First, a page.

Friday 9 December 2016

'I missed my stop because I couldn't motivate myself to stand up and get out' - RTE journalist Olivia O'Leary reveals depression battle

Published 03/05/2016 | 20:03

Journalist Olivia O'Leary
Journalist Olivia O'Leary

POPULAR RTE journalist Olivia O'Leary has revealed her battle with depression during her 20s.

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Speaking during her column on RTE Radio One's Drivetime, she praised Fianna Fail TD Robert Troy's contribution to last week's Dail mental health debate.

"You know just when you despair of politicians, they can really surprise you. Robert Troy of Fianna Fail decided the full day Dail debate on mental health a week or so ago should mean something - so he revealed his own experience of depression and anxiety to support the argument for better funding for mental health services in this country.

"He said he suffered from anxiety and minor depression which he found crippling and all consuming... that took courage. Politicians don't like to reveal anything that might make them seem vulnerable."

She revealed her own experience during her 20s with mental health.

"It isn't that you've been through the hell and isolation of depression and anxiety that you've any idea of what it's like or what it takes to get over it. It's happened to so many of us. It happened to me in my 20s.

"I remember a full year when I didn't care if I got up in the mornings. I remember sitting on the train home and missing my stop because I couldn't motivate myself to stand up and get out.

"I didn't care where the train was going to take me and where I'd end up, and I ended up in some strange places - but mostly I ended up alone, in my room.

"I was lucky because somebody who loved me stepped in fast and got me some psychiatric help. With the right drugs and some therapy I recovered."

However she said she still today watches for the triggers which sparked her battle with depression years earlier.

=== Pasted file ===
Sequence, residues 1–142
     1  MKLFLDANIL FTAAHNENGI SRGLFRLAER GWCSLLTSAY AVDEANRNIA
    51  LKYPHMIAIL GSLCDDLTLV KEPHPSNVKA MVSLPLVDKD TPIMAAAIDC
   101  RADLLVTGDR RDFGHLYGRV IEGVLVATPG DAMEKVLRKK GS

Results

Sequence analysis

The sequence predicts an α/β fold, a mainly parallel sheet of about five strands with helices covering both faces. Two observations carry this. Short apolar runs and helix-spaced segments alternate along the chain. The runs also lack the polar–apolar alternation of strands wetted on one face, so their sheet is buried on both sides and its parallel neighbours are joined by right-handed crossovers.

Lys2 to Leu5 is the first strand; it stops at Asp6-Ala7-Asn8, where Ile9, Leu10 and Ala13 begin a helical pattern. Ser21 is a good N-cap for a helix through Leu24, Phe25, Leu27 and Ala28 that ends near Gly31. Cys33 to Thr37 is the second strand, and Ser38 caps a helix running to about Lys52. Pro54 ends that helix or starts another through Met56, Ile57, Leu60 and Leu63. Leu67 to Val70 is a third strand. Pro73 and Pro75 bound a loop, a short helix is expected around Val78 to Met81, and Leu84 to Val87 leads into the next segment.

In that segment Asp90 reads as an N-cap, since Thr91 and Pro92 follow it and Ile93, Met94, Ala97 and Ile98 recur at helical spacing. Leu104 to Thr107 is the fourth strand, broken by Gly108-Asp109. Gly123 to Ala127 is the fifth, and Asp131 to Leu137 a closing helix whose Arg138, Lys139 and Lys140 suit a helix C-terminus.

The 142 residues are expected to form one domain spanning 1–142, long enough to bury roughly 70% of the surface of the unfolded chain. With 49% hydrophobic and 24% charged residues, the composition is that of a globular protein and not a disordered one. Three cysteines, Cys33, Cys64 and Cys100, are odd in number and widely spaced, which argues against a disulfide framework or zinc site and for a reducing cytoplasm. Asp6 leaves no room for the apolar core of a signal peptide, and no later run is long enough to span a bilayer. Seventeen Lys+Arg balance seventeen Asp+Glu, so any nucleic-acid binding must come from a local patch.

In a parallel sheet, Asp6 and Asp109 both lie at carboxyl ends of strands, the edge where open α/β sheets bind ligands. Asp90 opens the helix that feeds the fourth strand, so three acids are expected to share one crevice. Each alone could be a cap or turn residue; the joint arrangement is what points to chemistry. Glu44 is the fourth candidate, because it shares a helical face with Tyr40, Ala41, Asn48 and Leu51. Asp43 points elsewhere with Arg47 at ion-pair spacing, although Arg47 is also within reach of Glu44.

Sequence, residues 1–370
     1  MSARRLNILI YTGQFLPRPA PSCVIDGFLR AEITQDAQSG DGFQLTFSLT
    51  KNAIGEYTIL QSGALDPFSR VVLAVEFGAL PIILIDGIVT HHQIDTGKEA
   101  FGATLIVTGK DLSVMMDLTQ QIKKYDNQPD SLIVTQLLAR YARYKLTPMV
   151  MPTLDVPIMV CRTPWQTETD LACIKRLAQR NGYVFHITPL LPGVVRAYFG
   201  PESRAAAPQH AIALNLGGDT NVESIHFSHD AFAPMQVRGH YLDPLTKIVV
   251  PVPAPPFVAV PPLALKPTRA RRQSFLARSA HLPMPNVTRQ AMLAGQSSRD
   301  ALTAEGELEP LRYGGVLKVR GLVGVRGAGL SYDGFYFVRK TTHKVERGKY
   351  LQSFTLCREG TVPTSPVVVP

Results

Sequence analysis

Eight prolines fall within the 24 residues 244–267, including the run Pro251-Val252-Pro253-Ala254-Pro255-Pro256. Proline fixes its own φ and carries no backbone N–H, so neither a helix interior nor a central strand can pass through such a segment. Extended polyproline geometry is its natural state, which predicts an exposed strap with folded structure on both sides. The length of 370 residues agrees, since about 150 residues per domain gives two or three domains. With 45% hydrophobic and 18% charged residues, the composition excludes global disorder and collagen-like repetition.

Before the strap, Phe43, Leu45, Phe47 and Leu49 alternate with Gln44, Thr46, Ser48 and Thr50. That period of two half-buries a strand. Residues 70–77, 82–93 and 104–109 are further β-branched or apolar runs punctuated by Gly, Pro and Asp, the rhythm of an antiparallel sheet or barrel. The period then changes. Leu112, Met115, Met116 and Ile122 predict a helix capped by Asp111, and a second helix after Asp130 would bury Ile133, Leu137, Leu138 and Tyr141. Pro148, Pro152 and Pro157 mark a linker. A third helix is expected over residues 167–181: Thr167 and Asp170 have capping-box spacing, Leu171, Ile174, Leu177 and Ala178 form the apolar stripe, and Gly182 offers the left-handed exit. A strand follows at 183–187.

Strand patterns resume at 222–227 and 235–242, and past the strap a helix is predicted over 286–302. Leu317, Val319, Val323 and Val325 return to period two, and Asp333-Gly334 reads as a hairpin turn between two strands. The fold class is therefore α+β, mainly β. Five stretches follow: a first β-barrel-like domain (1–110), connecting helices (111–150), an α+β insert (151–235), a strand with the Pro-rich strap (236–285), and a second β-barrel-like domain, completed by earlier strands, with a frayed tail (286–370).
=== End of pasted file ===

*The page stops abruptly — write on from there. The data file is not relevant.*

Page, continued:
"I'm weary of it, I know it could happen again. I guard against what for me were the triggers of it - working too hard, stress, heavy drinking, not enough contact with family or friends, no exercise, no fresh air, no music, no poetry, no listening to the excited bird outside your kitchen window, or singing in your choir... or whatever it is that makes you stop and be happy.

"So I try to remember the psychologist Maureen Gaffney's advice: Be quite deliberate about thinking positive thoughts, particular first thing in the morning. Negative thoughts have almost four or five times the strength of positive ones, so you have to work at not being overwhelmed by negativity.

"The problem with depression and anxiety is that when you most need help, you're least able to ask for it - and become even more isolated."

She said she was lucky that her family and friends rallied around her - but also that she was able to seek help privately, and not sit on a public waiting list.

"What's the point in just talking about it, you might ask?  Just talking about it is the point. The silence that surrounds mental health has ensured it remains the Cinderella of the health service.

"People have refused to talk about it in case they might be refused a job, in case someone might refuse to marry them. Family secrets were locked away inside the high walls of institutions in years gone by; having a mental illness was regarded as a moral flaw, not an illness at all.

"Attitudes have changed today, but because we still don't want to talk about mental illness, we can't argue for it to get the funding it deserves."

The broadcast began trending on social media in the minutes after it aired - reaching the number one trend on Twitter in Ireland.

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